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TMJ

Jaw joint dysfunction is often misdiagnosed. The result can be a host of painful symptoms and their treatments that only mask the real condition underneath.

BY DR. GENE JENSEN

Does your jaw hurt? If it’s based on TMJ dysfunction, it may be only the tip of the iceberg. For one thing, temporomandibular joint (TMJ) dysfunction is often misdiagnosed. The TMJ refers to the two symmetrical jaw joints located at the upper end of the lower jaw. The joints originally evolved as a prehensile organ, much like monkey’s tail, used in the acquisition of food as well as speech.

About 85% of the population is in the US and Canada is afflicted with some form of abnormal alignment of the teeth or jaws, with 25% having pain or other symptoms. Currently half of the population clench or grind their teeth as the result of stress and/or an abnormal bite.

There is also an epidemic of patients who suffer from TMJ dysfunction and gastrointestinal disturbances because of an abnormal bite. These joints depend on the proper alignment of the teeth, the bite, and the jaw muscles to position themselves painlessly into their joint sockets a thousand times a day, every day of our lives.

In the year 1900, the average human lifespan was 40 years. It has more than doubled in the past 100 years. Unfortunately, because of evolution, heredity, diet and lifestyle, fewer than 15% of the population of the US and Canada have a perfect sets of jaws and teeth. Add the increased stress of everyday life, which is often manifested in clenching and grinding of the teeth and jaws, and you have a recipe for a multitude of maladies.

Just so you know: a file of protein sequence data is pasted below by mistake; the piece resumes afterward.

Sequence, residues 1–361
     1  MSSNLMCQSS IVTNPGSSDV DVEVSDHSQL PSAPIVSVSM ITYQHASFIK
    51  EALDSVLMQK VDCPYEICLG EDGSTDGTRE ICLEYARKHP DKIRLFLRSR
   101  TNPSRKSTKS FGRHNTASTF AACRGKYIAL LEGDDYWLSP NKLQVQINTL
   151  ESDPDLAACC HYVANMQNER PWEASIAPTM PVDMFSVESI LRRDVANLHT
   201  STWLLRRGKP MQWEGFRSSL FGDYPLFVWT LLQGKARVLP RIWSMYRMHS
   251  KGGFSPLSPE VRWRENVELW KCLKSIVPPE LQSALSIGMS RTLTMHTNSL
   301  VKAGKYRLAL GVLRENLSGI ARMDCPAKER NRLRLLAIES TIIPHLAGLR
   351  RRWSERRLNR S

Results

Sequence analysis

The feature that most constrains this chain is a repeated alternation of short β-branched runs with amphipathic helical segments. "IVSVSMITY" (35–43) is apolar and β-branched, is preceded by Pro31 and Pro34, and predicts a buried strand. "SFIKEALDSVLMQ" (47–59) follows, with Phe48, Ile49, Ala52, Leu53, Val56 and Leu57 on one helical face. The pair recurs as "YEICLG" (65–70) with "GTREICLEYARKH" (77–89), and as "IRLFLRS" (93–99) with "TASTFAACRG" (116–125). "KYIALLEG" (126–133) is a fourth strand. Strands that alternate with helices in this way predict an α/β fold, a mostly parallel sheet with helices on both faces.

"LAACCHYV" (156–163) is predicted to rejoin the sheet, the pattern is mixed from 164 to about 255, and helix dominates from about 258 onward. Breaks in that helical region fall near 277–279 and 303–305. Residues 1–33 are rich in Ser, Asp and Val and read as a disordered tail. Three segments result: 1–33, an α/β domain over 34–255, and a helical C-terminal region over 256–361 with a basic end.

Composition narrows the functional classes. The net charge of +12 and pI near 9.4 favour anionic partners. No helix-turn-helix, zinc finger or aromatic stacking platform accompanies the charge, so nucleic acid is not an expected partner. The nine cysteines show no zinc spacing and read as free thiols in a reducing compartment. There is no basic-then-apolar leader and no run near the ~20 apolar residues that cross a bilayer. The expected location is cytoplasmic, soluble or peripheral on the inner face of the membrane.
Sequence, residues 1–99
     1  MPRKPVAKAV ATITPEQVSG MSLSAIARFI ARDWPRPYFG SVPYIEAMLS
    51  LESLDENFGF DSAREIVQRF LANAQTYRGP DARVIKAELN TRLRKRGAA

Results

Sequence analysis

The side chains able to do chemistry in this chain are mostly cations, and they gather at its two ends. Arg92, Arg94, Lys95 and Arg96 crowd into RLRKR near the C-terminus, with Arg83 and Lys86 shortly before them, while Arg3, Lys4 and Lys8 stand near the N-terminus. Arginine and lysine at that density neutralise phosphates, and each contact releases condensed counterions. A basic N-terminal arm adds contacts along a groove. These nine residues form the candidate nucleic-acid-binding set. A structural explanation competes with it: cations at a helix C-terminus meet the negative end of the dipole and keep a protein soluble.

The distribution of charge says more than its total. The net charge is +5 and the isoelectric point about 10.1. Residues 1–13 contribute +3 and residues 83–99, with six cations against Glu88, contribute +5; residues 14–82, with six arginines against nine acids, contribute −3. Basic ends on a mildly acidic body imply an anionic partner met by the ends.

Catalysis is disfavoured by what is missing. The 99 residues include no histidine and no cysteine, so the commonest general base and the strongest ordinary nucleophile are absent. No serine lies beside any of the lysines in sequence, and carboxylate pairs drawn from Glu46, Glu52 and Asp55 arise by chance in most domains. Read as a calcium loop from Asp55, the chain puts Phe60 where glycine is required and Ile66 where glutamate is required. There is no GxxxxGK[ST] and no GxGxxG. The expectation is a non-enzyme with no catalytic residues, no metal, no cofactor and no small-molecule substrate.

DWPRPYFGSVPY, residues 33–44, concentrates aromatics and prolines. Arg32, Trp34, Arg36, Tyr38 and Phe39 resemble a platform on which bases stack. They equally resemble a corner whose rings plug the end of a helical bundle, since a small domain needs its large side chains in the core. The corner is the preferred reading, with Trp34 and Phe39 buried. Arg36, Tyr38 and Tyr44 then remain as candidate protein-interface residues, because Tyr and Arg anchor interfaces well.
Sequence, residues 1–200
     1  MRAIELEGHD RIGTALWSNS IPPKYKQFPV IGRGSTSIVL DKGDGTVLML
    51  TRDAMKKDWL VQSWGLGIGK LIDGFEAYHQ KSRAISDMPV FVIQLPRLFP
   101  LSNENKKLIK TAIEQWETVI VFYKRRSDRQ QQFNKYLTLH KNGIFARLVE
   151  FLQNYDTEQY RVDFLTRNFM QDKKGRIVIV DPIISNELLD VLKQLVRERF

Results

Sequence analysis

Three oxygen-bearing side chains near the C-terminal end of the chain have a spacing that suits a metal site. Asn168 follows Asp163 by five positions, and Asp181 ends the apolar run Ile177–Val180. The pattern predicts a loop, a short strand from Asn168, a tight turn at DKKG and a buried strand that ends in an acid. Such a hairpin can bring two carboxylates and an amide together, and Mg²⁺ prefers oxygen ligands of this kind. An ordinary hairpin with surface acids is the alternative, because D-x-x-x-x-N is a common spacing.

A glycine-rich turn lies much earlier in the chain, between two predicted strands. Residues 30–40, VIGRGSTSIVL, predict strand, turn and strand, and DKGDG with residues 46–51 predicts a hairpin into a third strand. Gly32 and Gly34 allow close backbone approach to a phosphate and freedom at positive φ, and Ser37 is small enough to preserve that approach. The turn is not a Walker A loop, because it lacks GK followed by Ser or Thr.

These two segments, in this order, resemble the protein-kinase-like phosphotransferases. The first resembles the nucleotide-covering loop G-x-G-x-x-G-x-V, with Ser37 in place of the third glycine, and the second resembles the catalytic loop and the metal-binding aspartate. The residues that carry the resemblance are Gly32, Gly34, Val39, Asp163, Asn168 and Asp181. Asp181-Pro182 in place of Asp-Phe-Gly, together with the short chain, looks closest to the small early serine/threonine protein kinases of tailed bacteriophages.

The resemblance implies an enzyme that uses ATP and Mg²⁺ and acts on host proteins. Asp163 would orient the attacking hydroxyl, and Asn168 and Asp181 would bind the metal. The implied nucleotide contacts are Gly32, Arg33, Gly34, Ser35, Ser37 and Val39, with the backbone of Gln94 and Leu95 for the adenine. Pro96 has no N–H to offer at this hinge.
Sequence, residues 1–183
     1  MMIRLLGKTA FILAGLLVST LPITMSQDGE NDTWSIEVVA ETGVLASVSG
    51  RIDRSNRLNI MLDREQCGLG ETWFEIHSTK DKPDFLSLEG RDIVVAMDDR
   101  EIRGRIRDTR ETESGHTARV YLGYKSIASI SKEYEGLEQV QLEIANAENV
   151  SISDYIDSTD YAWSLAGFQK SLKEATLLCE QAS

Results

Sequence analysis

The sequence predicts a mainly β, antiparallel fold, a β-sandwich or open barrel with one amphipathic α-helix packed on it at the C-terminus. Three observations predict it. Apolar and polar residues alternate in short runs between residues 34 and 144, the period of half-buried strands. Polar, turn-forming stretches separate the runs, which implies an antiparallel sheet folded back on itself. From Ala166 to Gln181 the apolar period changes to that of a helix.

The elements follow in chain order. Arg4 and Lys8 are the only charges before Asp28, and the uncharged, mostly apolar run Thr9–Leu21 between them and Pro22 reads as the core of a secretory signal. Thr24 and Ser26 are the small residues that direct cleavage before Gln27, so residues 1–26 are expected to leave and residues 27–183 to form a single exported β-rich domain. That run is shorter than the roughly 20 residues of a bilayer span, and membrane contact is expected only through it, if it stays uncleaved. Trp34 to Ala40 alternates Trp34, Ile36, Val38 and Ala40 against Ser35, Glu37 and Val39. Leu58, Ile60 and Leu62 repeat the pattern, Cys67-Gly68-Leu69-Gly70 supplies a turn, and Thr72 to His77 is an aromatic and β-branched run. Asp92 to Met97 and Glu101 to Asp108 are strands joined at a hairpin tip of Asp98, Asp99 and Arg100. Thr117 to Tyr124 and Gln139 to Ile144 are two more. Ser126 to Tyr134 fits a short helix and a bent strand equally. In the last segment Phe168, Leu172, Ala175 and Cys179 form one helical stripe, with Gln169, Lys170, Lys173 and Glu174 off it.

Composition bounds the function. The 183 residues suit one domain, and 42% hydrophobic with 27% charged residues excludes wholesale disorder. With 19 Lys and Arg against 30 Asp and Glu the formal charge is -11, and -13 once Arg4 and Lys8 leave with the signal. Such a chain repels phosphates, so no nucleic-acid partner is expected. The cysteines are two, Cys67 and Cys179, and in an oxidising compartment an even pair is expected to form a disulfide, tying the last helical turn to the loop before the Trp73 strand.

When the teeth and jaws are aligned, sensors send a biofeedback message to the jaw joints and muscles to let them know where they are in space. Sensory nerves connect to the brain stem to areas from the lower jaw to the forehead. They also link to the nerved that are responsible for balance, hearing and vision.

Many areas of the head and face, neck, shoulders and arms are interconnected and interdependent. All of these areas are affected by how the teeth and jaws interact and with the amount of force the jaw muscles exert, especially when the patient is under stress.

Despite decades of research, TMJ dysfunction is not well understood. No-one has come forth with a silver bullet, so millions of people continue to suffer throughout their lives. Unfortunately. Many patients are misdiagnosed, mistreated, or over medicated for years because the professionals who treated them did not recognize the devastating effects that this condition can have on overall health.

The list of possible symptoms includes headaches, loss of visual acuity, sinusitis, dental pain, loss of hearing or

balance, neck and shoulder pain, “pins and needles” down the arms and hands, locking jaws, ringing in the ears, cavities and gum disease, fractured fillings, tongue or cheek biting, difficulties with speech and breathing, sleep apnea, indigestion and irritable bowel syndrome- and in many cases severe jaw pain that is only treated symptomatically.

These symptoms can be misdiagnosed by either the physician, who may prescribe pain medication to a patient who becomes a “legalized drug addict,” or by a dentist who might place the patient on a bite plane, extract teeth or perform unnecessary root canals.

Permanent solutions are available. Often, the patient needs to be treated by a rearranging the teeth and jaws so the jaw joints can function smoothly for a lifetime. Treatment can include a combination of braces, jaw surgery, replacement of essential missing teeth and restorative dentistry to re-establish the normal function and esthetics of individual teeth. Only then can the patient be free from drugs and bite planes and have sufficient self esteem and confidence to face the world.